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How we relate

April 29th, 2004 · 1 Comment

Last night when the power was out, after the girls went to sleep, I asked Ted: “What are we going to do here in the dark all night…?”

Ah, then I realized I could read the booklet about Ralph Waldo Emerson and his children that had been waiting in my reading pile. So I grabbed the slim stapled volume and headed for the couch and candles.

I must explain first why a booklet about Ralph Waldo Emerson and his children is in my pile.

The explanation comes from my own children – and my own parents….The girls wanted to learn more about our country’s history so – in search of tangible and personal connections – I sorted through a pile of mementos I had collected from my travels. There I discovered two booklets about Emerson that I must have bought when exploring New England with my mom years ago.

Ralph Waldo Emerson appears in my family tree. It was our family’s claim to fame – or so we thought as kids – that we were related to the famous philosopher and author. However, recent genealogical research done by one of my siblings revealed that there was more than one “Ralph Waldo Emerson”. It makes sense. My own descendants will discover that there were plenty of “Julie Leung”s alive at the same time I was. However it was a bit disappointing. Learning the names of his children has convinced me that the man in our family tree is not the same one I am reading in the book.

But I am still enjoying the booklet. After the first couple pages I was hooked. It wasn’t the writing style, which would be less than captivating by our standards today. No intrigue or mystery promised in the introduction or teasing first paragraph.

The booklet titled Emerson and His Children: Their Childhood Memories is a 1980 Harvard Library Bulletin (Volume XXVIII, Number 4, closest link to it I can find is here) and begins with daughter Ellen’s memories of her father. She described how they would walk over the hills and Emerson would hold their hands and tell them the name of every flower.

What caught me and captivated me were her details – little words here and there – that illustrated her relationship with her father. How they had a certain vocabulary shared together: “Professor of Walking” when they went on long walks. “Good wine needs no bush” came from their time spent picking and tasting plums together. Ellen would ask her father questions and he would provide answers, getting out the dictionary. “One of the great pleasures” was going down to the brook with Emerson: he would throw stones and the children would enjoy the splashing.

It reminded me of my own memories with my dad. How we had our own habits and vocabulary such as Slurpee Run. I remember playing dictionary games with my father. He once said a sentence about a pachyderm contemplating its navel (or something approximating this phrase) and that was the day I learned the meaning of those words ( and the difference between “navel”/”naval”) while flipping to find the definitions. And I too enjoyed watching my dad throw stones into water. I was amazed to see how he could skip stones across a stream. The circles. The splashes. To this day, even as a grownup myself, I don’t think I could do what he did. He was amazing.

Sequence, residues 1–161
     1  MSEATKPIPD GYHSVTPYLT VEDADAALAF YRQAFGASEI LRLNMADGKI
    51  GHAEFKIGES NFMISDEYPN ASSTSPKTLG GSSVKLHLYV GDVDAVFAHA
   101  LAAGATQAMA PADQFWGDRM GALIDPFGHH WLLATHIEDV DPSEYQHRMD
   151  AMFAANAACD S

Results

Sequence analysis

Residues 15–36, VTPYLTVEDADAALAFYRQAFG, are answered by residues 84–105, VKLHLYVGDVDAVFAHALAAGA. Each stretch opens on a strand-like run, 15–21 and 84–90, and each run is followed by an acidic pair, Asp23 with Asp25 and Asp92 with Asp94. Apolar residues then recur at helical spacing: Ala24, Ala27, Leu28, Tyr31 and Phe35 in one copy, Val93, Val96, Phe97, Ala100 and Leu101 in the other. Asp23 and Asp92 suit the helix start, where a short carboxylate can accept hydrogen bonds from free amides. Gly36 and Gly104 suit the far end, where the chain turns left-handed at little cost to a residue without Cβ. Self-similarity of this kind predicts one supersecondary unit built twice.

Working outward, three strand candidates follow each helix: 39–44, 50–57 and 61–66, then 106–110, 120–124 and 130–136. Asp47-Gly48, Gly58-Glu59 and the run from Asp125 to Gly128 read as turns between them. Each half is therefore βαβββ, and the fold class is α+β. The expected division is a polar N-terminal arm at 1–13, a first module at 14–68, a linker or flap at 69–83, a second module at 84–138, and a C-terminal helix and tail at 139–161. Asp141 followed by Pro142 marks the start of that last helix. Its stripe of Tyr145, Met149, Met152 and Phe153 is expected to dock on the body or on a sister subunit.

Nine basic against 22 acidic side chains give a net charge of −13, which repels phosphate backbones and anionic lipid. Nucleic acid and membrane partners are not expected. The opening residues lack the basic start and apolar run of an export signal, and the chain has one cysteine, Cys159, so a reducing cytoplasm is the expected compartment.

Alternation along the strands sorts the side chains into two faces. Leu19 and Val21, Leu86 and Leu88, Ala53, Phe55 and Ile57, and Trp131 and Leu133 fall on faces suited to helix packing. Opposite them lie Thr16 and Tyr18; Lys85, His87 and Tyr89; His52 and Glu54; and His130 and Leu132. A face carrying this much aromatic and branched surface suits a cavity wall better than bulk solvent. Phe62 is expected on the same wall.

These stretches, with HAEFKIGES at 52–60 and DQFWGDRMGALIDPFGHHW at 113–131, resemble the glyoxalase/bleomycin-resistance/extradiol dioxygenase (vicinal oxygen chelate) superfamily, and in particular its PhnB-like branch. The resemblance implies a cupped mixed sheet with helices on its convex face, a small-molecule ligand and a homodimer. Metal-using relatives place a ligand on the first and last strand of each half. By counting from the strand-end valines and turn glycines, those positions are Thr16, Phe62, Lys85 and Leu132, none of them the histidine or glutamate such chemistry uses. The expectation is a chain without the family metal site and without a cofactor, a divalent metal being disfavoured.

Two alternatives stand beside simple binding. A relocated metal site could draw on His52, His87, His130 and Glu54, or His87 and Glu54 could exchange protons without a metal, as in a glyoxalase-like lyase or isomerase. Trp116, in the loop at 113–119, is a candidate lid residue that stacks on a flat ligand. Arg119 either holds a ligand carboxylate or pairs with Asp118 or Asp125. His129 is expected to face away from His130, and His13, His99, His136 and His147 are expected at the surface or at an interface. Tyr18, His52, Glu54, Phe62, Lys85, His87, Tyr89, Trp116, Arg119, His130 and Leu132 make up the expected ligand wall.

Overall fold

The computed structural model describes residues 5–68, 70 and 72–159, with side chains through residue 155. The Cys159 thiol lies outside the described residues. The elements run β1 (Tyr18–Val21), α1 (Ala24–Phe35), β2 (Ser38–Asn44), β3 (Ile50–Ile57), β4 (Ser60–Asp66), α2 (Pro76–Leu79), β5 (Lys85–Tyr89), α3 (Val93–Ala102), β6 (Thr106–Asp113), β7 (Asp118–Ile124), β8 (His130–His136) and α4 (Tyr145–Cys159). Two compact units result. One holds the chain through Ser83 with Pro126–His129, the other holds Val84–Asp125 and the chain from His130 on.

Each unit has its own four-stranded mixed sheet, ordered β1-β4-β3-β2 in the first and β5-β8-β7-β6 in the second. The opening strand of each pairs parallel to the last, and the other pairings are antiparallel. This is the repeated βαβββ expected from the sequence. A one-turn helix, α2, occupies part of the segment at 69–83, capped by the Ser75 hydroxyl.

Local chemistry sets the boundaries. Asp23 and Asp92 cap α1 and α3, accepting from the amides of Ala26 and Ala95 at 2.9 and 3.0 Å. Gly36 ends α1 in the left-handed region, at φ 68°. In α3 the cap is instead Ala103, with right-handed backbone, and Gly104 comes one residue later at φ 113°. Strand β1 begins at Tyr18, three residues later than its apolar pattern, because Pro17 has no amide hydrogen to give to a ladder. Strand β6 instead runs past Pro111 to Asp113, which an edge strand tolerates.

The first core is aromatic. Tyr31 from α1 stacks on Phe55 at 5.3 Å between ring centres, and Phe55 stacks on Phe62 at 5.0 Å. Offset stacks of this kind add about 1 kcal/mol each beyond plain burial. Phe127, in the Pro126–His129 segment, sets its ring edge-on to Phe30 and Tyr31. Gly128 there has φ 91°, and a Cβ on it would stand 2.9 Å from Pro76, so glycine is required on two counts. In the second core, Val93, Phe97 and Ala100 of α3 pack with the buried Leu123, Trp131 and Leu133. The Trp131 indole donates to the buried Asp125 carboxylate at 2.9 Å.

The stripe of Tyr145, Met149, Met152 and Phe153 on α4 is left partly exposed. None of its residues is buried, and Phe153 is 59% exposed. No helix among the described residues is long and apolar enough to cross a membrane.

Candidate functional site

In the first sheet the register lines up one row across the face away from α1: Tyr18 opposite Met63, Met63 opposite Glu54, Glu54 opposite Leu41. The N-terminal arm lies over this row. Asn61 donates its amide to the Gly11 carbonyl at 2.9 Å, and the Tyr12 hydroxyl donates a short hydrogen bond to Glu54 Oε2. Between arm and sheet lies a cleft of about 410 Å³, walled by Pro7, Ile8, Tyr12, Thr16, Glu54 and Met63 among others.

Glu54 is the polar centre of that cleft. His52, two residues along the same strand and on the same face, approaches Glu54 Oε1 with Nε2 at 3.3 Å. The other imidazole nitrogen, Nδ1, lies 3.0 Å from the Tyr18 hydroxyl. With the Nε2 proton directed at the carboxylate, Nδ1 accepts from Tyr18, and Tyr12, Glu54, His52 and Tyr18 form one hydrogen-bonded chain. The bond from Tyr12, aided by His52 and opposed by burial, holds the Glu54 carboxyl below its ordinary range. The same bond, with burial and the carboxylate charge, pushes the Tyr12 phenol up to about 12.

While reading these first few pages, I started to think about what it is that makes an affectionate relationship. There’s a culture that’s created between two or more people. It has its own words, its own language, its own secrets and signs. Nicknames. Abbreviations. Jokes. History. There are activities that are shared. Sometimes a spectacular occurance or several extravagant celebrations, but often I think it is the daily routines that do it. Like picking plums or walking down hills. Identifying flowers. Skipping stones. The way you eat bread as a family at dinner. Silly songs you sing during bathtime. Bedtime routines. Little rituals and words that make relationship.

When I think about the relationships in my life that have been the most intense and intimate, the most passionate and affectionate, what comes to mind is the culture we created. In my own family now with Ted and our daughters, we have our special names, special words and special things we do together. Instead of picking plums like the Emersons, we pick peas and strawberries from the garden. Ted grilling dinner on the deck has become a little summer tradition. Gymnastics on Saturday morning for the girls and Ted has become another routine(ha!). We read a story together at bedtime, and cuddle before the fireplace on winter nights. Birthday creations are becoming legend and lore: “ hippo cake“. If I say one of the girls’ pet names to them, it has an instant and special meaning. Likewise if I say Ted’s. Or if he says mine.There are words I use only when it is just our family at home, when no one else is around. It’s our own Leung language. It is how we relate.

Reading these recollections about a girl and her father who lived almost two centuries ago, I felt immediate connection. As I saw how they shared routines and ritual, how the ordinary became extraordinary, how he taught and teased her, their familiar phrases and rich routines, I saw my own memories of childhood times spent with my dad.

Perhaps an accurate family tree would tell me that I’m not related to Ralph Waldo Emerson and his children. But I relate to them.

Tags: family

1 response so far ↓

  • 1 Lance // Apr 29, 2004 at 6:26 am

    I’m just sorry for Ted that the first thing you thought of (apparently) was reading. And I’m sorry for you that Ted’s first thought was (apparently) his Powerbook.

    With 4 kids, whenever there is a quiet moment (i.e. the kids are not around) my thoughts turn in a more “romantic” direction. Maybe that’s why we have 4 kids? 🙂